alexa Mutations in basal Core Promoter and Carcinogenetic Potential of HBV Subgenotype C1 | OMICS International
ISSN: 2161-0681
Journal of Clinical & Experimental Pathology

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Mutations in basal Core Promoter and Carcinogenetic Potential of HBV Subgenotype C1

A high incidence of hepatocellular carcinoma (HCC) is coincident with a high prevalence of hepatitis B viral infection in Asian countries. Two hepatitis B virus (HBV) genotypes, types B and C, are more frequently seen in Asia, particularly China, than the rest of world, which make people reason that the unique genetics of HBV subtypes contributes to the carcinogenetic potential. In fact, some studies have shown that patients with genotype C infection have a higher risk of HCC than those with genotype B, attributing in part to a high frequency of double mutation of T1762/A1764 in the Basal Core Promoter (BCP) region of genotype C.
T1762/A1764 double mutations of the BCP have been indicated in determining HCC risk for people chronically infected with HBV. BCP is a regulatory region located in the overlapping hepatitis BX (HBx) gene, and presumably suppress production of hepatitis B “e” antigen (HBeAg). Dr. Li et al in this article revealed that in addition to T1762/A1764 double mutations, V1753 or A1768 mutation in the BCP region, also significantly increased the risk of HCC in patients with subgenotype C1 viral infection. Furthermore, the mutations of 1753/1762/1764, 1762/1764/1768, or 1753/1762/1764/1768 in the BCP region could inhibit the transcriptional activity and abrogate the growth-suppressive effect of HBx, suggesting a collaborative activity with HBx. Their findings provide another line of evidence that the mutation in the BCP region of HBV subgenotype C may be a contributory factor for a high incidence of HCC in HBV genotype C-prevalent regions.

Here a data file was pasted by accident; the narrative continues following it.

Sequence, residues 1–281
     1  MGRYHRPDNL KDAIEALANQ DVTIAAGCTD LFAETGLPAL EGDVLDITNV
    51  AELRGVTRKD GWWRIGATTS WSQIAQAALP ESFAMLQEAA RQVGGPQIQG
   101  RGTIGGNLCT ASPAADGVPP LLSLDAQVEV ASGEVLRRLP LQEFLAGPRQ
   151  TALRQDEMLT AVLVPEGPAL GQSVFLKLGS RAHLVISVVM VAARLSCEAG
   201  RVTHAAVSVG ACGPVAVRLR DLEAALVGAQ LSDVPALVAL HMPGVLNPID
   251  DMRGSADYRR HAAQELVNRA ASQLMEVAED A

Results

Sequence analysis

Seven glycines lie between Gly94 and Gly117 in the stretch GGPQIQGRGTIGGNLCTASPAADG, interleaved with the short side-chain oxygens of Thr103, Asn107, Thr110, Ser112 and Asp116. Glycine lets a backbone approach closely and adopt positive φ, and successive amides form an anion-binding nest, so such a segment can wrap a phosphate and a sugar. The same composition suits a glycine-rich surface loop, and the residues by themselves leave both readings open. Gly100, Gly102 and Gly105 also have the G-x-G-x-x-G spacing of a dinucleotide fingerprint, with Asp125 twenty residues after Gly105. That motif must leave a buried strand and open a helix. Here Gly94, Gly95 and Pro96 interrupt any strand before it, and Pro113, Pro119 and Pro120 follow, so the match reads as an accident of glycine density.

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A high incidence of hepatocellular carcinoma (HCC) is coincident with a high prevalence of hepatitis B viral infection in Asian countries. Two hepatitis B virus (HBV) genotypes, types B and C, are more frequently seen in Asia, particularly China, than the rest of world, which make people reason that the unique genetics of HBV subtypes contributes to the carcinogenetic potential. In fact, some studies have shown that patients with genotype C infection have a higher risk of HCC than those with genotype B, attributing in part to a high frequency of double mutation of T1762/A1764 in the Basal Core Promoter (BCP) region of genotype C.
T1762/A1764 double mutations of the BCP have been indicated in determining HCC risk for people chronically infected with HBV. BCP is a regulatory region located in the overlapping hepatitis BX (HBx) gene, and presumably suppress production of hepatitis B “e” antigen (HBeAg). Dr. Li et al in this article revealed that in addition to T1762/A1764 double mutations, V1753 or A1768 mutation in the BCP region, also significantly increased the risk of HCC in patients with subgenotype C1 viral infection. Furthermore, the mutations of 1753/1762/1764, 1762/1764/1768, or 1753/1762/1764/1768 in the BCP region could inhibit the transcriptional activity and abrogate the growth-suppressive effect of HBx, suggesting a collaborative activity with HBx. Their findings provide another line of evidence that the mutation in the BCP region of HBV subgenotype C may be a contributory factor for a high incidence of HCC in HBV genotype C-prevalent regions.
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